Forums > Windsurfing   South Australia

Big tide, little tide, little tide, big tide

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Created by jn1 > 9 months ago, 24 Apr 2017
jn1
SA, 1730 posts
24 Apr 2017 5:44PM
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I asked this question many years ago, but never got a straight answer. In summer, why do we get big tides in the morning, then little tides in the afternoon, and in winter, get little tides in the morning, and big tides in the arv ?. Sea temperature ?, less windier conditions ?, gravitational effects of the sun ?

Jacko51
SA, 160 posts
24 Apr 2017 10:17PM
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The position of the Moon.
Google has 11,100,00 results. Here is just one with drawings
www.enchantedlearning.com/subjects/ocean/Tides.shtml

Von
SA, 91 posts
25 Apr 2017 12:03AM
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Would have to be tha angle of tha dangle

Slim Jim
SA, 186 posts
25 Apr 2017 10:13AM
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The "Dodge" Tide is probably affecting your perception of tide. It's quite remarkable and only happens in a 2-3 places in the world. It's caused by KI blocking the water inflow/outflow at certain phases of the moon.

kdalton
SA, 72 posts
25 Apr 2017 3:28PM
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its only called a dodge tide in sa .other places call them neap tides.the water still moves in and out but very slow.goolwa spencer gulf yorkes have dodge or neap tides so ki has nothing to do with it

jn1
SA, 1730 posts
25 Apr 2017 8:53PM
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Thanks for the reply guys. Just to clarify what I am talking about:

Winter pattern

Summer pattern


Jacko, I read your link. It did not answer my question.

Jacko51
SA, 160 posts
26 Apr 2017 12:04PM
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The Earth's axis in relation to the Sun ( Southern hemisphere closer in Summer further away in Winter) and the time the Moon revolves around the Earth ( 24 hours 50 minutes ) add to the equation of tide calculations.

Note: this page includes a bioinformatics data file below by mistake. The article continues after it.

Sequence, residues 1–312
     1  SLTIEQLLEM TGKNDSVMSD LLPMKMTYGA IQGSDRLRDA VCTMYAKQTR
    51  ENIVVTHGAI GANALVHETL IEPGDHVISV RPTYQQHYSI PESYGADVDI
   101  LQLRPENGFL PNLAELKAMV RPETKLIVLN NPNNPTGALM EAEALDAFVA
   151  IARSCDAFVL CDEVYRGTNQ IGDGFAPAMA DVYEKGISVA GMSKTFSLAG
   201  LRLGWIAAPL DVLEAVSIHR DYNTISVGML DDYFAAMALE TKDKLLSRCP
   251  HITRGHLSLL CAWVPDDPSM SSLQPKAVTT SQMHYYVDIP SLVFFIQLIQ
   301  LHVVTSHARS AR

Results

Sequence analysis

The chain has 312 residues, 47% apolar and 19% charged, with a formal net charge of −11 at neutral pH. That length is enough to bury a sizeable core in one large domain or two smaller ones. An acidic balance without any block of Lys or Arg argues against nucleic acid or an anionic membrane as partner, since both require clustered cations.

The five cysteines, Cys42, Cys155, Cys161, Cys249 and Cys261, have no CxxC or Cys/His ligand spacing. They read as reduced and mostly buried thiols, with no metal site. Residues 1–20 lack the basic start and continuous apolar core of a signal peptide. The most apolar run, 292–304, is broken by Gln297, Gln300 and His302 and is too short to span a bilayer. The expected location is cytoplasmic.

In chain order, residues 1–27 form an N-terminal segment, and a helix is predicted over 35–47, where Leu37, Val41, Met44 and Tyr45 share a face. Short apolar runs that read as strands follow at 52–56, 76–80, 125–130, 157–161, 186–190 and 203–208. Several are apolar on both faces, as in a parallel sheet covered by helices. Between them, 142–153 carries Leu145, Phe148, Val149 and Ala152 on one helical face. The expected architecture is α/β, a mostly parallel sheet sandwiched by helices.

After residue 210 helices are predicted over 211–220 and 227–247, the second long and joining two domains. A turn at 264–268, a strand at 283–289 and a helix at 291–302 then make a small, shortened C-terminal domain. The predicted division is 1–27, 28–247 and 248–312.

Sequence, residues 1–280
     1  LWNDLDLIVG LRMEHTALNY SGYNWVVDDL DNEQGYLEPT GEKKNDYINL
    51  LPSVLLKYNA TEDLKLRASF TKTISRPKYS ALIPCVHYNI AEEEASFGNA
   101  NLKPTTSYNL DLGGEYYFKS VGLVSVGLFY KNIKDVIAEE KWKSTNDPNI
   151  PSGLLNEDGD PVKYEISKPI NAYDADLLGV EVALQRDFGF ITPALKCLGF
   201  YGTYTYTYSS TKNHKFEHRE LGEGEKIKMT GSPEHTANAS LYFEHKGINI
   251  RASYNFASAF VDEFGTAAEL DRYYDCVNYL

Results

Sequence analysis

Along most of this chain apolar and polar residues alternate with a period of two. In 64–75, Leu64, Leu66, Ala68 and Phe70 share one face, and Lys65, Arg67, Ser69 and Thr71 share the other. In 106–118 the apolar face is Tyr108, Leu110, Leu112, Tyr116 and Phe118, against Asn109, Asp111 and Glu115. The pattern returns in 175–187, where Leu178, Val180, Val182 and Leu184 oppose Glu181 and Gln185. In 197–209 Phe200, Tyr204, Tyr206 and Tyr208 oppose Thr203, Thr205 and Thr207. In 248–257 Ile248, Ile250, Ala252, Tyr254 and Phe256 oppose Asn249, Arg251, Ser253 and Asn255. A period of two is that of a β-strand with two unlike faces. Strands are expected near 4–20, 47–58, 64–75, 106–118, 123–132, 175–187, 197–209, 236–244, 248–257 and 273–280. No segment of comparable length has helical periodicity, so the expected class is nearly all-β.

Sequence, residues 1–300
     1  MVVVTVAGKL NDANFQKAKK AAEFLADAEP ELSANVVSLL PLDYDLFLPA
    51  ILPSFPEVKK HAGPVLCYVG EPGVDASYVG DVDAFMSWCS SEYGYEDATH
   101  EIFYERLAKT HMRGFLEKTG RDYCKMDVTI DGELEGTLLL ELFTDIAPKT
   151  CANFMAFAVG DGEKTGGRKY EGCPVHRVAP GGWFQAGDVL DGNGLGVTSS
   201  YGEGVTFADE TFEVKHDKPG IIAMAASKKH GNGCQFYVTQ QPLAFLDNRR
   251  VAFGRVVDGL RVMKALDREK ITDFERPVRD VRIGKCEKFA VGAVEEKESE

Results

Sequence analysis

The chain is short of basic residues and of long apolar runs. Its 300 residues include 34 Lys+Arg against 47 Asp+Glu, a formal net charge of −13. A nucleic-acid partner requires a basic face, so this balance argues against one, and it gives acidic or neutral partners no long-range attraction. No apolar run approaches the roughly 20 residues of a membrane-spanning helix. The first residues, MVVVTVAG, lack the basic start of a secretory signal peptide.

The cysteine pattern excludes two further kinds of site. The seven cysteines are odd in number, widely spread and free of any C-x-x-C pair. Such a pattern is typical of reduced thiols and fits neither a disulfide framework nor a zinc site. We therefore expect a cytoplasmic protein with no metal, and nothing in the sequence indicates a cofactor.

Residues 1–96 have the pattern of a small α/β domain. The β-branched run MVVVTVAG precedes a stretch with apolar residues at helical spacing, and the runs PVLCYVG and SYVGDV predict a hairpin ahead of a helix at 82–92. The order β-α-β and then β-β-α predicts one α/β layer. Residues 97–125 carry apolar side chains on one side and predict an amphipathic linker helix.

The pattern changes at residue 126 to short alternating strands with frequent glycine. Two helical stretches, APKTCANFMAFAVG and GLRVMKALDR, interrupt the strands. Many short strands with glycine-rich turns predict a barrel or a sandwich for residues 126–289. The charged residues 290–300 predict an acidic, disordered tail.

Another explanation here. oceanservice.noaa.gov/education/kits/tides/tides04_angle.html

kdalton
SA, 72 posts
26 Apr 2017 1:48PM
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this is my theory.in summer the lows are further out to sea and the highs are on the water.in winter the lows move closer to land and the highs move inland.the highs have higher barometric pressure which dosnt push down on the water so hard so thats why we get .1m low tides in summer.and in winter the lows have a lower barometric pressure pushing down on the water harder so we only get .4m low tides in winter.the high tides in summer in the morning are bigger than the arv are caused by atmospheric pressure or heating of the land.at night time the land cools down in summer so the barometric can push against the atmospheric pressure because the lands cooled down so we get bigger tides in the morning in summer. in the arv the land heats up and the barometric pressure cant push against the atmospheric pressure because the lands heated up. so the high tides arnt as big in the arv.in winter the high tides in the arv are caused by low barometric pressure pushing down on the water harder and when the land cools down the atmospheric pressure drops and the tides are higher.and a bit of swell and a sw wind the tides get even bigger.so its all got to with barometric and atmospheric pressure.too much pressure time for a beer.

jn1
SA, 1730 posts
26 Apr 2017 11:38PM
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Slim Jim: if a perceived/actual phase shift is happening every dodge tide, then why don't we see a phase shift every fortnight ? (both in summer and winter)

kdalton: Interesting theory KD, but tides are published without the effects of storm surge. So, the effect you are talking about can't be explained by looking at tide charts. (How could BOM know when a low is going to go over Adelaide in 6 months time ?. They can barely predict a seabreeze ! )

The effect I am talking about is a phase shift that occurs twice a year. I think it's because we have a mixed tide (as you implied SJ). The Sun's changing declination (going from plus to minus and then minus to plus at the equinoxes) and our gulf's bathymetry (ie: shape) will cause the winter and summer tides to be out of phase. There will be multiple water current vectors flowing into/out of our gulf. Added up will give a tide at a particular point. These vectors in our gulf (vector = magnitude value + phase value) will go out of phase to each other during the equinoxes. I'm pretty sure some clever researcher has simulated and published this effect